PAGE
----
Schizophrenic Brains Make More Complicated Music Than Sane Ones

A new computer program lets your brain turn fMRI machines into musical instruments by assigning notes to active regions of your cortex. The results may cause people to drive themselves crazy just to stay on the cutting edge of electronica.

Philosopher Dan Lloyd uses functional MRIs — which track changes in brain activity by lighting up in different colors and intensities as the brain processes information — to create music, by assigning each area of the brain a note and each level of intensity a volume. A computer does the rest, analyzing the movements of the functional MRIs and creating musical pieces that correspond to the changes.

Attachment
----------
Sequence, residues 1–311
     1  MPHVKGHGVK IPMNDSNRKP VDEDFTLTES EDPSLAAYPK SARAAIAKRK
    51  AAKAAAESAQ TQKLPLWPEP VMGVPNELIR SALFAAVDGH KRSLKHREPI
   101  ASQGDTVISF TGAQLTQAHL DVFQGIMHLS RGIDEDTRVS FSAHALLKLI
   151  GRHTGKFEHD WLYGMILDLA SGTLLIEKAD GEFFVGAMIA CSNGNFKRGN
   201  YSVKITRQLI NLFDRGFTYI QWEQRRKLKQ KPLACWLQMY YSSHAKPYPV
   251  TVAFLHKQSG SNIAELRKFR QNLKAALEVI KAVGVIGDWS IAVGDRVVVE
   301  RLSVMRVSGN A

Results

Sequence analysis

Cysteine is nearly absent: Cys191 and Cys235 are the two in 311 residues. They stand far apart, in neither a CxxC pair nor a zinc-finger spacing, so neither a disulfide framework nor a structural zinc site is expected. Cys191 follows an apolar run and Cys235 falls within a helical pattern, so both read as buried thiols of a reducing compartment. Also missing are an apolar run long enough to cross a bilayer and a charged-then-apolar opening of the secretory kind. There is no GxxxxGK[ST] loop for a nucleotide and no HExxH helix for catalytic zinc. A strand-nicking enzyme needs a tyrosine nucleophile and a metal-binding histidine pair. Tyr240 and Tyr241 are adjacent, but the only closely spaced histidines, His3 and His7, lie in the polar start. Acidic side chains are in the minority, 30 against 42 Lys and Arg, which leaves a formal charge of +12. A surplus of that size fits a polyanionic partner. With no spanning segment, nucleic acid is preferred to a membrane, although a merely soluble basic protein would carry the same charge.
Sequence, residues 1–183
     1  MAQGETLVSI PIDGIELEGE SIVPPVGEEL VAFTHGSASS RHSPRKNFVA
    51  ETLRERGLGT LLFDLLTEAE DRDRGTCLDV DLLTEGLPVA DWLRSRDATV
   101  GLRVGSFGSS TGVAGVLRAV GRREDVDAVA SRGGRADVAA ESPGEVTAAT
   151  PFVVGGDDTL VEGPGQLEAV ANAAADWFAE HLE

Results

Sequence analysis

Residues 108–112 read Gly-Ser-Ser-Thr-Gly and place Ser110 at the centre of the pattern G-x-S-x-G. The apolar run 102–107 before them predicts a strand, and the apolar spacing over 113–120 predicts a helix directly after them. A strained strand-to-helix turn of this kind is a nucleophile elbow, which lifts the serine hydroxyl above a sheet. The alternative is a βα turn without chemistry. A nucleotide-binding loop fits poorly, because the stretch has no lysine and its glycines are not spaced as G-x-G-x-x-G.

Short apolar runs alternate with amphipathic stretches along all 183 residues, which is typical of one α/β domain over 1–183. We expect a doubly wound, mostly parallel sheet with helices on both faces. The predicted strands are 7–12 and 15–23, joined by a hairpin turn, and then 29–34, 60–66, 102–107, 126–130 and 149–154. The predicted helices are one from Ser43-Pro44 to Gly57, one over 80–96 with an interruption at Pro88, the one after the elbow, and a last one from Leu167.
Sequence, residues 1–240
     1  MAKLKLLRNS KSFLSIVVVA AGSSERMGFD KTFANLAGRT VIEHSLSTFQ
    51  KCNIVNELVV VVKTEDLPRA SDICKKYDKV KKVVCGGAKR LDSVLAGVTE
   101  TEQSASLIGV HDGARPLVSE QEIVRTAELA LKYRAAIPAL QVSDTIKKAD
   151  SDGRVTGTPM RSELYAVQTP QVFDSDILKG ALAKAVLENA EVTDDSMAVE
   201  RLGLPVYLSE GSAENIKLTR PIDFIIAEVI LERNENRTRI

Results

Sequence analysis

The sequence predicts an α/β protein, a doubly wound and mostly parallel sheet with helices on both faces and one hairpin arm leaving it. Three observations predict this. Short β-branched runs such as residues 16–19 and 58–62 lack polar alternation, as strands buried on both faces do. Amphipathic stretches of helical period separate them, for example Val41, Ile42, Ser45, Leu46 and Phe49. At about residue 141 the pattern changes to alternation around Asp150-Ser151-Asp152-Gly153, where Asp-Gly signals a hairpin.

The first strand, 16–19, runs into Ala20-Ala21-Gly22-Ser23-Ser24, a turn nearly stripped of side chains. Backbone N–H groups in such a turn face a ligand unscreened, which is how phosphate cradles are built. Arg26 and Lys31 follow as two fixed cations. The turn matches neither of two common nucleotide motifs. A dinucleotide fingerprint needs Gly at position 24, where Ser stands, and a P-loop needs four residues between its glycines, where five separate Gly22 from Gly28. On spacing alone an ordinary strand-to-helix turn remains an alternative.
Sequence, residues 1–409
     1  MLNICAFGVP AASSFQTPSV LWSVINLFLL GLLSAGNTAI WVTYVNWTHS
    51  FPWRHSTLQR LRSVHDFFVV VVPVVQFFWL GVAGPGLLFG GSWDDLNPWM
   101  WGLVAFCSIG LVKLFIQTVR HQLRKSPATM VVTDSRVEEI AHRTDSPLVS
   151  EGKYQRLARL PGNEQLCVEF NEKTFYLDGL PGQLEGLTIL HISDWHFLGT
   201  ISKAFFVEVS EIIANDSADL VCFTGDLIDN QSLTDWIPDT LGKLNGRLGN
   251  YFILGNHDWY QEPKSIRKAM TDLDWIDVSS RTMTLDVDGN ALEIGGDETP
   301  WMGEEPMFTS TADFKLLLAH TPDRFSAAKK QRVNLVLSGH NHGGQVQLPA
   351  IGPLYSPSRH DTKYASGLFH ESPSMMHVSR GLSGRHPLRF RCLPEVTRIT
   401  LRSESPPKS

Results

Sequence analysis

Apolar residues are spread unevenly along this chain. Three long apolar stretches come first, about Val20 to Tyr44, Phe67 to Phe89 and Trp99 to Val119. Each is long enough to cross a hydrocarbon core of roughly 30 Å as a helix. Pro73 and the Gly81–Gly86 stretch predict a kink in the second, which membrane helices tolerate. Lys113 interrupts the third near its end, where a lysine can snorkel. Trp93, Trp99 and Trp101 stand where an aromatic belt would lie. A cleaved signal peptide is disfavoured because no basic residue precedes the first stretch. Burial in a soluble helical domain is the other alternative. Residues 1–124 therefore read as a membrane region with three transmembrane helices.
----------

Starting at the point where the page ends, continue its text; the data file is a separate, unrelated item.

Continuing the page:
In the course of his work, Lloyd discovered that scans of patients with dementia and schizophrenia make audibly different music than those of people with normal brains: people with dementia have more erratic rhythms and less bright notes, while people with schizophrenia have more complex patterns in the music created by their brains.

Besides making their way onto the iPods of Lloyd's students, scientists think the application could allow them to better distinguish abnormalities in brain scans. According to New Scientist:

His colleague Didier Grandjean at the University of Geneva in Switzerland says that brain music might help identify temporal patterns in particular. "Melodies are a much better way to build complex mental representations over time than anything the eye can do," he says.

Of course, that's only if one takes the time to pay attention to the music that's being made, as opposed to how we think it ought to sound.

Eavesdropping On The Music Of The Brain [New Scientist]

Related: D.O.A. (Death of Auto-Tune) [YouTube]

[Image via the Centre for Educational Neuroscience]